One of the main drivers that might suggest pre-installation of sensors in a new home is for a ‘cleaner’ appearance, by putting sensor devices into walls and ceilings as they are built. Also, vendors and service providers will subsidise, or give these hardware sensors away for next-to-zero cost. “Once these are installed, the homeowner will be incentivised to subscribe to the services that these sensors provide,” says Goertz. “Home insurance and utility companies will subsidise sensors in new homes for the same reason.”
With ‘smartness’ battling into every aspect of our lives, one question will be about the balance between “the perceived creepiness of some ‘other’ listening in, and how much privacy will we be willing to give up to achieve these ends”, says Lundberg.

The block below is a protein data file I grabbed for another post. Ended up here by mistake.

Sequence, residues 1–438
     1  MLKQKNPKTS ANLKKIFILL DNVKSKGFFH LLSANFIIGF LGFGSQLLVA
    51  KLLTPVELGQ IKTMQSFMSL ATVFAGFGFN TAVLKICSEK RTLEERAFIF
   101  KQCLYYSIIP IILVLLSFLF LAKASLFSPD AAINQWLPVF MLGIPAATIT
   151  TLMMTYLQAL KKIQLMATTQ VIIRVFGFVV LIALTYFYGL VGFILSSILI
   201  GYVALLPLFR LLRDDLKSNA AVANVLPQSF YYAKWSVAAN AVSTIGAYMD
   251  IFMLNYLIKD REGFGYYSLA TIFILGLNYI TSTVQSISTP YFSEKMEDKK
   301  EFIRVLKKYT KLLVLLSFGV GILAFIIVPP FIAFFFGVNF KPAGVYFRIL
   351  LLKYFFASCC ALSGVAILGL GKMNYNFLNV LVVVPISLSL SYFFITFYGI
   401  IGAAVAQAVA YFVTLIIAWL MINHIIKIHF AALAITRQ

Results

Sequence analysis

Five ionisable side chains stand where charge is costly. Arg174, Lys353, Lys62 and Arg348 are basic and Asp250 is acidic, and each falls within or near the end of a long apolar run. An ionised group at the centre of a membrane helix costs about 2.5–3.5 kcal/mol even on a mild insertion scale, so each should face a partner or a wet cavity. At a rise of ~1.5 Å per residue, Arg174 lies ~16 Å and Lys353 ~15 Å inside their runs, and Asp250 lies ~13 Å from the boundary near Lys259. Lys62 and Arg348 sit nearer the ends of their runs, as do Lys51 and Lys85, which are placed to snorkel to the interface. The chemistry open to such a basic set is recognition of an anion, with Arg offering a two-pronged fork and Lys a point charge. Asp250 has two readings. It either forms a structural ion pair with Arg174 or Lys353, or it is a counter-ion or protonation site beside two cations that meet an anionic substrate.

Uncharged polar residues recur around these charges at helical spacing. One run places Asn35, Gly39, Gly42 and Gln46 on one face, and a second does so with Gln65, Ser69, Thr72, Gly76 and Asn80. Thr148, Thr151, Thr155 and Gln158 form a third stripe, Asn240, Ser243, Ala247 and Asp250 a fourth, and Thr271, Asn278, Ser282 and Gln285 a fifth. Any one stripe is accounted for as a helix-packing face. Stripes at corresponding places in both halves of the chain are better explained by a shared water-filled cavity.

Apart from privacy concerns, there are also security risks associated with the IoT. Goertz believes that while the risk profile of hacking into the connected home is lower than in other areas of IoT, smart home systems need proper internet security such as data encryption, and network access security. “The problem is that many devices, especially the sensors, are electronically so simple that they don’t have the processors that normally manage encryption and decryption,” says Goertz. “This is why prevention of hacking must happen at the network level inside the home.”